About This Site

All pages for statues and sculptors are listed alphabetically (see below); click the plus sign next to the letter to pop out the directory.

An asterisk denotes a bust.

Don’t see what you’re looking for? Check the statue index for a complete list of monuments, or use our search engine.

My other dog, Maybelle.

More pictures of Maybelle can be found here.

You Can Help

Feel free to contact us with your thoughts and photos or if you think we have made a mistake.

Or if you just want to say, Hi.


Consider taking a moment to check out our online store.

Other Resources

The city maintains an excellent online catalog of the more than 1,000 monuments to be found in city parks.

The just-as excellent Web site forgotten-ny.com has several sections running down the statues of Manhattan.

Dianne Durante, author of the somewhat esoteric “Outdoor Monuments of Manhattan,” maintains an excellent Web site of her essays and other musings on what she calls representational art.

There are 97 busts in the Hall of Fame of Great Americans at Bronx Community College. Because there is already an excellent online tour of the hall, those memorials get only a passing mention here.

The Smithsonian American Art Museum supports an amazing online inventory of sculptures across the country.

Powered by Squarespace
Special Thanks To
Mr. Softee doesn’t sponsor us; we sponsor Mr. Softee.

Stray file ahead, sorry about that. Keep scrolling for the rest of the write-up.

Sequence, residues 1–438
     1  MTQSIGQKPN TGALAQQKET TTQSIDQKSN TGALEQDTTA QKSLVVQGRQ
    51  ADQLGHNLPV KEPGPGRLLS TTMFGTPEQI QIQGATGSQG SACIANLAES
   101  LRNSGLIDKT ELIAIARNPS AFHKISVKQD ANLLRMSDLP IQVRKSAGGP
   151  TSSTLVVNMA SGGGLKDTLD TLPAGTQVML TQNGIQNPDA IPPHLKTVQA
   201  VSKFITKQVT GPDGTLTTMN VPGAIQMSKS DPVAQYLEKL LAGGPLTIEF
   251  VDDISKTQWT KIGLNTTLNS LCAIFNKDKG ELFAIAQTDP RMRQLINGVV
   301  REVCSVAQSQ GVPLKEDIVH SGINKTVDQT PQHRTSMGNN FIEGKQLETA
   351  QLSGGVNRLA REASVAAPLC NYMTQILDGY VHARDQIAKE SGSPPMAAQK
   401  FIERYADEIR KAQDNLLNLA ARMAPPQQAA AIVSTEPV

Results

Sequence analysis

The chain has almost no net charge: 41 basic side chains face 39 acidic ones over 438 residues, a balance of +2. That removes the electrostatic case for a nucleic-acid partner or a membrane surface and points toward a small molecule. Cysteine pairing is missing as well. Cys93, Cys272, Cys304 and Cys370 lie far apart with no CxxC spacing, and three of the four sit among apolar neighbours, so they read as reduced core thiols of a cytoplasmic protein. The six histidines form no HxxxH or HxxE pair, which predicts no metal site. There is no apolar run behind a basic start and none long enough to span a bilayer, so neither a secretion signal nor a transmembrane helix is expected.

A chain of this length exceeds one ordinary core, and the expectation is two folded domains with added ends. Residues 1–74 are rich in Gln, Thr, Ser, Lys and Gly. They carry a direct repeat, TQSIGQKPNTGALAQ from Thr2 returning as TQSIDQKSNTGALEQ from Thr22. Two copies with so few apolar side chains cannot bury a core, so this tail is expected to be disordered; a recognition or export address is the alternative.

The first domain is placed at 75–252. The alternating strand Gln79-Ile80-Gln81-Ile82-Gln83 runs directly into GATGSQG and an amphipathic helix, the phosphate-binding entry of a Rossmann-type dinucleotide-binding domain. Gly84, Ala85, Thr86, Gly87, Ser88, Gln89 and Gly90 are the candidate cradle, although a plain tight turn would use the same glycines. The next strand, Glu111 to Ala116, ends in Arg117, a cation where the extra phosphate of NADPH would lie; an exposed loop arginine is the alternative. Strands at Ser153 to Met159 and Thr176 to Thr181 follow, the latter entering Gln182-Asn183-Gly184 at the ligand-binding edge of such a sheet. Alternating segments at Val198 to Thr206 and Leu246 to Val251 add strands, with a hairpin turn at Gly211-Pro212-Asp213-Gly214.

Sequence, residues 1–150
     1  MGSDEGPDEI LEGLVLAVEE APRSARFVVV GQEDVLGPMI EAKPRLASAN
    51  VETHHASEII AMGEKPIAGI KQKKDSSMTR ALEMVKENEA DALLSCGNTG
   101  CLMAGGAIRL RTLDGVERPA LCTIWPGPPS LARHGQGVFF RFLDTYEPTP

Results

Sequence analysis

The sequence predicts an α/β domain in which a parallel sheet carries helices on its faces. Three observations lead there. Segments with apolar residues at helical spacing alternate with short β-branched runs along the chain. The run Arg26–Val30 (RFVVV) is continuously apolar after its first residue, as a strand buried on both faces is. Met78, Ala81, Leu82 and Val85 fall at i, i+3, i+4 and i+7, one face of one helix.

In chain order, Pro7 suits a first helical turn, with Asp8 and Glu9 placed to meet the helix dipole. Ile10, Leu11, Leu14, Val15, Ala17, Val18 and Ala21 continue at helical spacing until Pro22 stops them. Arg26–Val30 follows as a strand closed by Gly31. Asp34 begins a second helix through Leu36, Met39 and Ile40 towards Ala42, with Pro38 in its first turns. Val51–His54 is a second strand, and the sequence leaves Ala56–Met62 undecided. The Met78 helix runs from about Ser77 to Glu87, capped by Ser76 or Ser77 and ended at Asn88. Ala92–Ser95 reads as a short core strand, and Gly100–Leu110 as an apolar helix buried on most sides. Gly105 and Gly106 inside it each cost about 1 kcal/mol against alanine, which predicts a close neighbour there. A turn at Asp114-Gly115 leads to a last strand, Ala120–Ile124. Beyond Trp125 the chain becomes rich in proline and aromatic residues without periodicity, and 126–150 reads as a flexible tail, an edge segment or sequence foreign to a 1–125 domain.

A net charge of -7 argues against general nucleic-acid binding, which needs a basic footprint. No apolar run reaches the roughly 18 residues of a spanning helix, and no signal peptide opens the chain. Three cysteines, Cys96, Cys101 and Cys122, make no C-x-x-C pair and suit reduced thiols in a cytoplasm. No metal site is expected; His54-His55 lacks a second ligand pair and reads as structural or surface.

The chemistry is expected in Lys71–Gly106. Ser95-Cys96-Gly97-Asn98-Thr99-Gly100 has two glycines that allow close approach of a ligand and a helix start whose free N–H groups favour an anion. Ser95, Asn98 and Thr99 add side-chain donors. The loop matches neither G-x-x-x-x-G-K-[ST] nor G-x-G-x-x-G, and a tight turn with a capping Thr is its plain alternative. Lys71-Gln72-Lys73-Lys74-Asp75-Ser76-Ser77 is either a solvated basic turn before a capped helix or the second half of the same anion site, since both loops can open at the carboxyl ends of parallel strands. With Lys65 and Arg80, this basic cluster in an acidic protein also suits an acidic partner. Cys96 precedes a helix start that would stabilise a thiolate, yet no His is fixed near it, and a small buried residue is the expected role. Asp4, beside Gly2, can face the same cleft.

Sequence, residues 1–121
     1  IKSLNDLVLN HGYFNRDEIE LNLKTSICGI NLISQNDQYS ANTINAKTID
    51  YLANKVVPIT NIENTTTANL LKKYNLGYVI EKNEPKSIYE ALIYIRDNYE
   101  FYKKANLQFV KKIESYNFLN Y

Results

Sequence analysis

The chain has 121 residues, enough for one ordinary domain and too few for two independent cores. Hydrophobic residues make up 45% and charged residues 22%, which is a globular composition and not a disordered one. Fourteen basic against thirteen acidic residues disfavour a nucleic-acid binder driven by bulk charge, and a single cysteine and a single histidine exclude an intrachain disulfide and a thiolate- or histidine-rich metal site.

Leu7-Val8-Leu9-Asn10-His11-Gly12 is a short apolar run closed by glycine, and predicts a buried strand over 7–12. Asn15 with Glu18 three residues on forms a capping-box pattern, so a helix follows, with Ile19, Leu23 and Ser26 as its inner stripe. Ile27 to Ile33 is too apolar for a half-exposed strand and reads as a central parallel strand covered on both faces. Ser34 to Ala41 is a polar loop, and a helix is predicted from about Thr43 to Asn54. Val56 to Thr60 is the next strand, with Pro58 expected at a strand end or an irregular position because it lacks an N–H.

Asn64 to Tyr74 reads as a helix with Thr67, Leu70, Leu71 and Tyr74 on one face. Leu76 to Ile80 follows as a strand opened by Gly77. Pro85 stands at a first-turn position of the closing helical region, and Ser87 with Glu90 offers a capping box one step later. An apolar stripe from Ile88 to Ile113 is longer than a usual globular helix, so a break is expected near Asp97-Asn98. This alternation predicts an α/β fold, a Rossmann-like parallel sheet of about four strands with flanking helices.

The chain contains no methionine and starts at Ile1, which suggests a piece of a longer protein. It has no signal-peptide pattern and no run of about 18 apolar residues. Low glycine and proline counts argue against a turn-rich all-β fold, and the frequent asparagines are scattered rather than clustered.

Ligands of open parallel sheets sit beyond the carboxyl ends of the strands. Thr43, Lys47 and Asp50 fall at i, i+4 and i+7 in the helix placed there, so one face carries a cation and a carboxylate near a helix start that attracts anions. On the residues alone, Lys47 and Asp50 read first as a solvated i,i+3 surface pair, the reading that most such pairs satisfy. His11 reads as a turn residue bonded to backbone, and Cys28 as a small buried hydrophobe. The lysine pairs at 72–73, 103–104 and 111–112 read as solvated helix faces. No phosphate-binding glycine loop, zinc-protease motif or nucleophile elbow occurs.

Strawberry jam is delicious!

Mr. Softee is in London, too!

Marquis de Lafayette


The Marquis de Lafayette, the wealthy Frenchman who aided the rebels during the Revolutionary War, is one of two people to be the subject of three statues in the city.

  • There is the monument to him and Washington at Morningside Park, Manhattan Avenue and 117th Street.
  • There also are is a monument to him at the 9th Street entrance to Brooklyn’s Prospect Park, on Park West.
  • There is a statue of the marquis in Union Square at Park South and 16th.

You can read more about Mr. Lafayette here. But, in short, Lafayette was, in the decades after the American Revolution, hailed as a hero in these parts. You don’t have to browse very deep into a collection of news clippings from the 1800s before you run across commemorations and banquets and other hijinks celebrating Lafayette’s contributions to American history.

He was born Marie-Joseph-Paul-Yves-Roch-Gilbert du Motier on Sept. 6, 1757. He was an aristocrat and military officer and was both a general and diplomat during the American Revolution, and later was a key figure in the early stages of the French Revolution. He died May 20, 1834.

* I snagged the image of the marquis above, which is the famous portrait by Charles Wilson Peale, from the very cool Teaching Politics Web site maintained by Dr. William Ball of the College of New Jersey.

  • Updated November 2007